As the OECD prepares for a ministerial meeting on the digital economy, Jørgen Abild Andersen argues that the highest level of coordination among many government departments is needed to deliver its aims


    April 2016, Volume 44 Issue 01

  • The FCC’s Bright Lines

    Jonathan Jacob Nadler says the FCC’s new Open Internet Remand Order makes five fundamental changes, faces five legal challenges – and will have five unintended consequences.
    June 2015, Volume 43 Issue 02

  • Making Access Universal

    Universal access and service programmes are vital to extending broadband to all parts of a country. Antonio GarcIa Zaballos discusses the findings of a comparative report.
    June 2015, Volume 43 Issue 02

  • 21st Century Privacy Fix

    With pressure mounting for new personal data privacy rules, Nancy Libin and Joshua Bercu assess the current state of play in the US and EU.
    June 2015, Volume 43 Issue 02

  • Dealing with Disruption

    As regulators start to fundamentally review their remits, Chris Chapman, the incoming president of the IIC and chair of Australia’s ACMA, details the extent of digital disruption and possible regulatory response, in this two-part article.
    January 2016, Volume 43 Issue 04

  • Platforms of Power

    The rise of content and media intermediaries such as Google and Facebook as digital gatekeepers raises major policy and regulation concerns, writes Robin Mansell.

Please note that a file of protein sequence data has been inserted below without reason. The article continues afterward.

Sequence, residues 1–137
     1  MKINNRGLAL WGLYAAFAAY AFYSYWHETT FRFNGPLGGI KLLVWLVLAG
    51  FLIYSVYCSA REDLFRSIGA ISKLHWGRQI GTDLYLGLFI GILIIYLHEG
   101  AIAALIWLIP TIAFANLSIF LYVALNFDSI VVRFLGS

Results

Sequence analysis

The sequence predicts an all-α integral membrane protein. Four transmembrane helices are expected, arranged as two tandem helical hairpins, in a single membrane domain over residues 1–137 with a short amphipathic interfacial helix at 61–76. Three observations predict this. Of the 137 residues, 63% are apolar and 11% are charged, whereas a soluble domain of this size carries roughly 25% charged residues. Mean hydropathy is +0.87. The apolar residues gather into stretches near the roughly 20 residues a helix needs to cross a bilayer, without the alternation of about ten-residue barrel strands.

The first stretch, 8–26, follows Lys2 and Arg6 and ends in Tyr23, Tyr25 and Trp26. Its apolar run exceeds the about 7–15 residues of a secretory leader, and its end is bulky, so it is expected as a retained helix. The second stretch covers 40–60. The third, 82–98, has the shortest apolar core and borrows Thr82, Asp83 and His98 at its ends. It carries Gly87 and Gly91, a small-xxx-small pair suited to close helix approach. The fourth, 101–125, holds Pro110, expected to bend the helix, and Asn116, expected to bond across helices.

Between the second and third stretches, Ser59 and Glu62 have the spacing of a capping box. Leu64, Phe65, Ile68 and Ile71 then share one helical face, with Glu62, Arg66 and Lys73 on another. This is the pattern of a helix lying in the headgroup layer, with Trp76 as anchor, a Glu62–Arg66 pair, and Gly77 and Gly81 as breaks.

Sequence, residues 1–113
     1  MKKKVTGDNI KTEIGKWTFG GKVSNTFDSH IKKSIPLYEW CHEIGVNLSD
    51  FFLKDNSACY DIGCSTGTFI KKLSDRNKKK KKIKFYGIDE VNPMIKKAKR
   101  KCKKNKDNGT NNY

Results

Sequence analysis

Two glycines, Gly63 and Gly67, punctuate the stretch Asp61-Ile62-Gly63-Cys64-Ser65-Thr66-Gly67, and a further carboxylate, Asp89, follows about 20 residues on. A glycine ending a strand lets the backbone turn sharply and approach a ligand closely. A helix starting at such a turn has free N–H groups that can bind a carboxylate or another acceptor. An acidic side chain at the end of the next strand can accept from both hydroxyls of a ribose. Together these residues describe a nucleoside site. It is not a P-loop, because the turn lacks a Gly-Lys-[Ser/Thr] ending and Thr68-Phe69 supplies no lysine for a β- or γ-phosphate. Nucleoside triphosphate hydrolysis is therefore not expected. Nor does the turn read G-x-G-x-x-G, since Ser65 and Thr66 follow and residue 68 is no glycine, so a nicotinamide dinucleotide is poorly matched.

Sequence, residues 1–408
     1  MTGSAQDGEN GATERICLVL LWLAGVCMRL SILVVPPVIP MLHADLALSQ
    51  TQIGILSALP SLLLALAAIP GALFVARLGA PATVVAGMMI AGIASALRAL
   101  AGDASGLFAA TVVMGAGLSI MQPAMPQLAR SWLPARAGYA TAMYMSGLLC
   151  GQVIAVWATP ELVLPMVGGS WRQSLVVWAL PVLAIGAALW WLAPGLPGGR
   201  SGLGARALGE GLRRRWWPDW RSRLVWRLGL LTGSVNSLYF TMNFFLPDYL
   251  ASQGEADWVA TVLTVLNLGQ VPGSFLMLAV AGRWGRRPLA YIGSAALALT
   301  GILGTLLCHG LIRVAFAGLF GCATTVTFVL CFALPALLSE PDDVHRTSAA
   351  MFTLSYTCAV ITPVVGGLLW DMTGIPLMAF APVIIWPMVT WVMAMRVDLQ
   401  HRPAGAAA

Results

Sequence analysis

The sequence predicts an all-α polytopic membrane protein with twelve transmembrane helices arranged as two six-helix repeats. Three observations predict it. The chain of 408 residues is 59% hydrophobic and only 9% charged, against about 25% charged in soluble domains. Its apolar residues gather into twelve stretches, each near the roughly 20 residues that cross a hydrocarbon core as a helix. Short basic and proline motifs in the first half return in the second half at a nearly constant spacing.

March 2015, Volume 43 Issue 01

  • Shedding Light on 5G Policy

    In part two of his discussion of the ‘myth of 5G’, WILLIAM WEBB examines regulatory factors, spectrum issues and whether fixed-wireless access will be more than a promise - plus scenarios for the next few years

    July 2017, Volume 45 Issue 2

  • Principles for Policymakers

    Today’s media and communications world needs a fundamental set of principles to help policymakers determine public value. ROBERT PICARD and VICTOR PICKARD have just such a global set to hand.

    July 2017, Volume 45 Issue 2

  • Testing Telecoms Assumptions

    Is much of current policy based on received wisdom and not rigorous evidence? Roslyn Layton sets out several areas where this may well be so
    March 2015, Volume 43 Issue 01

  • Public Interest Test